It is not a crime to to peacefully call for international support for ones’ fundamental rights. We West Papuans risk our extinction as a people in the next few decades if this illegal occupation and terrible genocide continues.
Please help to support the people of West Papua in our peaceful struggle for self-determination. We West Papuans desperately want and desperately need to be free like other members of the Africa Caribbean Pacific Group of States.
Benny Wenda is West Papua’s independence leader, International Spokesman for the United Liberation Movement for West Papua (ULMWP) and founder of the Free West Papua Campaign. He has twice been nominated for the Nobel Peace Prize and lives in exile in the UK.
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2) Regional human rights forum seeks to develop Pacific solutions

Posted: Jun 02, 2016 4:55 PM AESTUpdated: Jun 02, 2016 4:55 PM AEST
By Ken Quintanilla

It's a perfect fit with the event called "the Olympics of culture". Julian Aguon said, "A lot of times there's an assumption maybe that human rights otherwise would not be relevant to a festival like this but actually in our opinion, human rights work is so important because it protects the space for culture and arts to flourish."
And today for the first time in any FestPac, an entire panel was dedicated in defense of human rights issues facing the people of Pacific. Aguon, an attorney, is behind the human rights law firm Blue Ocean Law and together with Westcare Pacific Islands hosted the Pacific Region Forum at the Latte of Freedom. Self-determination is just one human right issue affecting Guam...but we're not alone.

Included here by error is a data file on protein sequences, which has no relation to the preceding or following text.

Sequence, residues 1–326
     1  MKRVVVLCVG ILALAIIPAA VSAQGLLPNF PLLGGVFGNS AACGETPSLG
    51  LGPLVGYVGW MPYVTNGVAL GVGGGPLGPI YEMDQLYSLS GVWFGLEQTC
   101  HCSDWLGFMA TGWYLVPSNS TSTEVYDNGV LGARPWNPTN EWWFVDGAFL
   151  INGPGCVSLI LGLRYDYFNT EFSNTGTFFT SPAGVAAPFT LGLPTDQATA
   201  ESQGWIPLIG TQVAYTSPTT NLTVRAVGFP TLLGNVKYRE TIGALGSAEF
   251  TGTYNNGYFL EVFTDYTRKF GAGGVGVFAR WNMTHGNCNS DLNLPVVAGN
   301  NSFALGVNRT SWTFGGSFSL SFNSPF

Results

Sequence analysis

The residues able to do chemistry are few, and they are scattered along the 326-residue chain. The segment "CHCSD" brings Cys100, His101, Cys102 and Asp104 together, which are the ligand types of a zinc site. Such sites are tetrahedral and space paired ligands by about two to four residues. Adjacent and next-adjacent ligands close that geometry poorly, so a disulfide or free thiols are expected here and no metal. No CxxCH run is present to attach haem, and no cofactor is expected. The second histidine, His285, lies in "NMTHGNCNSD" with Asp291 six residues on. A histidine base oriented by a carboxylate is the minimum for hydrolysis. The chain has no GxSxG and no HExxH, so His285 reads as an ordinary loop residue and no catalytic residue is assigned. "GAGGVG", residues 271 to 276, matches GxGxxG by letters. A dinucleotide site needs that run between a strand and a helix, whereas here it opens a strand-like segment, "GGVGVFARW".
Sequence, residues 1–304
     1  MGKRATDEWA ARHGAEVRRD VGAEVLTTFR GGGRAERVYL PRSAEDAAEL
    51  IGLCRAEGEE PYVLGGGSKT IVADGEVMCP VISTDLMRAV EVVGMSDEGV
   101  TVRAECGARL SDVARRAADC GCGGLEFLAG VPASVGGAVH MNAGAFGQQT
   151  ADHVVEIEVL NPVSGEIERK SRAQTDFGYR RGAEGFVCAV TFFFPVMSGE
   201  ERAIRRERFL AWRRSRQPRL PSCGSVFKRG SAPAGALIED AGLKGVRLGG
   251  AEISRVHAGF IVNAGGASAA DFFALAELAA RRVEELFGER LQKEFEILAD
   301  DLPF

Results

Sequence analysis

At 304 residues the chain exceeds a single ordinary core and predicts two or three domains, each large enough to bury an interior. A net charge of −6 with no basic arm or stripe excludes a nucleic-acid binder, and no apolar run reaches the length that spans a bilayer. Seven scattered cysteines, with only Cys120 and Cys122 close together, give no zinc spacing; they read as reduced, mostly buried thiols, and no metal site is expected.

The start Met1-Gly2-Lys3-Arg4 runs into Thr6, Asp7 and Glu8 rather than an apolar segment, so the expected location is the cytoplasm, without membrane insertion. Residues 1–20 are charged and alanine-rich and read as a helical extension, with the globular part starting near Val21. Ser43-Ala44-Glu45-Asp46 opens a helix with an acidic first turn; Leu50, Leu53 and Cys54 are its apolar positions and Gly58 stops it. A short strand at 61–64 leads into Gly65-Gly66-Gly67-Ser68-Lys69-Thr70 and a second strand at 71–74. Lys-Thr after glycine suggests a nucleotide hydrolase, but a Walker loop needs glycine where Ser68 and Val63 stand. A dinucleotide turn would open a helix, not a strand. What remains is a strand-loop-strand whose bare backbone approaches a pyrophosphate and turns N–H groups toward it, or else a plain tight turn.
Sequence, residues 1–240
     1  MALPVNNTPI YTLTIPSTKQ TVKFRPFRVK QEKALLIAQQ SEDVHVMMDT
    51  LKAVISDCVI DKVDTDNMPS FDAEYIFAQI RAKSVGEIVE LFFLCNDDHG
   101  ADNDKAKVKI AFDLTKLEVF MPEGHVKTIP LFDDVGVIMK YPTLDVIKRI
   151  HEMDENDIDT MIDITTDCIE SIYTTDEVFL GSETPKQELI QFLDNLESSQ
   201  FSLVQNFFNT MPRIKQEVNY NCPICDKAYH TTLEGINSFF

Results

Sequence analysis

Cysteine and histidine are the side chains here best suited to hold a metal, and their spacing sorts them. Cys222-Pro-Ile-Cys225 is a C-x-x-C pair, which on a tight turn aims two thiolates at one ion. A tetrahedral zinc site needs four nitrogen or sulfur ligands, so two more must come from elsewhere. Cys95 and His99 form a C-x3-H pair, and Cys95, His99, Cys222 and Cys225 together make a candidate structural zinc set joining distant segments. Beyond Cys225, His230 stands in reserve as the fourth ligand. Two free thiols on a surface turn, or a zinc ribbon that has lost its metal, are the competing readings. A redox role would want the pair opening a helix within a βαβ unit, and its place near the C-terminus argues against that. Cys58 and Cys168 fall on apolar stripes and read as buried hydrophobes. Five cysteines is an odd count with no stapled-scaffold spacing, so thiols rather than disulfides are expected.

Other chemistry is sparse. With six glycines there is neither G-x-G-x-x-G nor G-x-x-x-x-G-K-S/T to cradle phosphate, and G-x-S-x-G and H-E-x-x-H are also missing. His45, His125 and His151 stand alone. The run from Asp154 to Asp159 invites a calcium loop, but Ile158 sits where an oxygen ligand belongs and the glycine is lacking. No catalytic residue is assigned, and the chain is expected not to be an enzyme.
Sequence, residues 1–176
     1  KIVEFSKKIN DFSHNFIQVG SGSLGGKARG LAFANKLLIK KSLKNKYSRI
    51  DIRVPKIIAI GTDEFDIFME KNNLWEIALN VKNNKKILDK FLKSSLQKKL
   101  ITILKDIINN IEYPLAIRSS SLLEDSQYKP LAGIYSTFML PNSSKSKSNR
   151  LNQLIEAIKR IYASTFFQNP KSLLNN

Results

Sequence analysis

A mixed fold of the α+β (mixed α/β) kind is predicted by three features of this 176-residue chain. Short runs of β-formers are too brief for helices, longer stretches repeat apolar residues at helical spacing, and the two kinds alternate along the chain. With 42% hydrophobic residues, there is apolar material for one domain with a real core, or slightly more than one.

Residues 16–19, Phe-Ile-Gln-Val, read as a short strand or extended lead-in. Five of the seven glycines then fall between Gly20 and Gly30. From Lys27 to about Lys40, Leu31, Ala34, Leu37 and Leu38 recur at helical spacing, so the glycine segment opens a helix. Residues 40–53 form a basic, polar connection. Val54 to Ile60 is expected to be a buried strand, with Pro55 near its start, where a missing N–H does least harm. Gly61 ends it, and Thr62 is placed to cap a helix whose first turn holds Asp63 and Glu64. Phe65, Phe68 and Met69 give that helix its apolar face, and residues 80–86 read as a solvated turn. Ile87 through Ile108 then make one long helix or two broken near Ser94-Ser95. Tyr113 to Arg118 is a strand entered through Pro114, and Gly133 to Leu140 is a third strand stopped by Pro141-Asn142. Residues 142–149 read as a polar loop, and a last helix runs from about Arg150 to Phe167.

"In West Papua, there's a live self-determination struggle, but it also has other human rights issues and violations occurring there right now - there's actual genocide, there's mass extrajudicial killings, prolonged arbitrary detention torture, these are major human rights violations that Indonesia is committing upon the people of West Papua, who are incidentally fighting for their self-determination," he said.
The human rights issues facing the Pacific, however, goes even deeper as deep sea mining and extractive industries pose a threat to our culture. Joey Tau is from Papua New Guinea and is the media and campaigns officer from the Pacific Network On Globalisation.
"We have people who in our coastal communities who have for generations have lived and survived in our lovely big ocean and it's a new form of mining and the science behind it and the impacts are yet to be known, yet people have very little information about it, and it's more likely our coastal communities may be transformed or moved and displacement of people," they said.
And for Kathy Jetnil-Kijiner from the Marshall Islands, she says not just homes but entire cultures could be lost if climate change and the rising sea levels aren't addressed, as well. "I'm going to be speaking about climate justice and how climate justice is basically a human rights issue because these are people who we are talking about who could potentially lose their islands and lose thousands of years of culture and be displaced, so it's basically a human survival."
And while climate change puts the Marshall Islands and other low lying atolls at risk of "being swallowed by the ocean" very soon, she says this is a Pacific-wide issue.